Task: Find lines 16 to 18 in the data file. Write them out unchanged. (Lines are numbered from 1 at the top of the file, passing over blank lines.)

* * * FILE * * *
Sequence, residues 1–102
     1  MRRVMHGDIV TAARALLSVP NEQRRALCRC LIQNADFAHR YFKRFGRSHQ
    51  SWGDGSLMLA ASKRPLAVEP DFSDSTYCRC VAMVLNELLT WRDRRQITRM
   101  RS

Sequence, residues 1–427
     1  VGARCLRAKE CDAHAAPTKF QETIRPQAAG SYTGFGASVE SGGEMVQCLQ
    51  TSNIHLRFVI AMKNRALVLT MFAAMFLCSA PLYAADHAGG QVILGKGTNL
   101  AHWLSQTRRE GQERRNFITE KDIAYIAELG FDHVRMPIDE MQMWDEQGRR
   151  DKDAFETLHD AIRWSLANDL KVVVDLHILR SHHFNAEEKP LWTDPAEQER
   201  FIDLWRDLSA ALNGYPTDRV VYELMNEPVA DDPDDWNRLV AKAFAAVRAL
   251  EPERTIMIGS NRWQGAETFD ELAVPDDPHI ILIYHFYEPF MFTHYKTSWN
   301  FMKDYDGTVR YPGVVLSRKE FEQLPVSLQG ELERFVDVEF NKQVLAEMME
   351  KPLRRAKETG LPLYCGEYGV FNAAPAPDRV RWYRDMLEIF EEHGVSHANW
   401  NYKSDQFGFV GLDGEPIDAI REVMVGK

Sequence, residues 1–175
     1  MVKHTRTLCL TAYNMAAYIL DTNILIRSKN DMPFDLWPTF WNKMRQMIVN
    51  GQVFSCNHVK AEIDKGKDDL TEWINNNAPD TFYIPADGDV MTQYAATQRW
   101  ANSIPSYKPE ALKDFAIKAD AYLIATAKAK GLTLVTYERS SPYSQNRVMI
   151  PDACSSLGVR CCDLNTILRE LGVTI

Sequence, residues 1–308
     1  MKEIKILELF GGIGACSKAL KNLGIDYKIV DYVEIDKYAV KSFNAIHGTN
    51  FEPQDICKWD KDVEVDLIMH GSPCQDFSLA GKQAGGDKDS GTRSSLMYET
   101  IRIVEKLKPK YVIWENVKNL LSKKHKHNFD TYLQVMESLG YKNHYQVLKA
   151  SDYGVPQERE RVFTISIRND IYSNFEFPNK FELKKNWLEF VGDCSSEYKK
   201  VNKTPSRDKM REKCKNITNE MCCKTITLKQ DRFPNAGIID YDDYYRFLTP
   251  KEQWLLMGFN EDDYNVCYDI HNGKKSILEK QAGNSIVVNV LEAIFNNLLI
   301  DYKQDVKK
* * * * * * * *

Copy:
     1  MVKHTRTLCL TAYNMAAYIL DTNILIRSKN DMPFDLWPTF WNKMRQMIVN
    51  GQVFSCNHVK AEIDKGKDDL TEWINNNAPD TFYIPADGDV MTQYAATQRW
   101  ANSIPSYKPE ALKDFAIKAD AYLIATAKAK GLTLVTYERS SPYSQNRVMI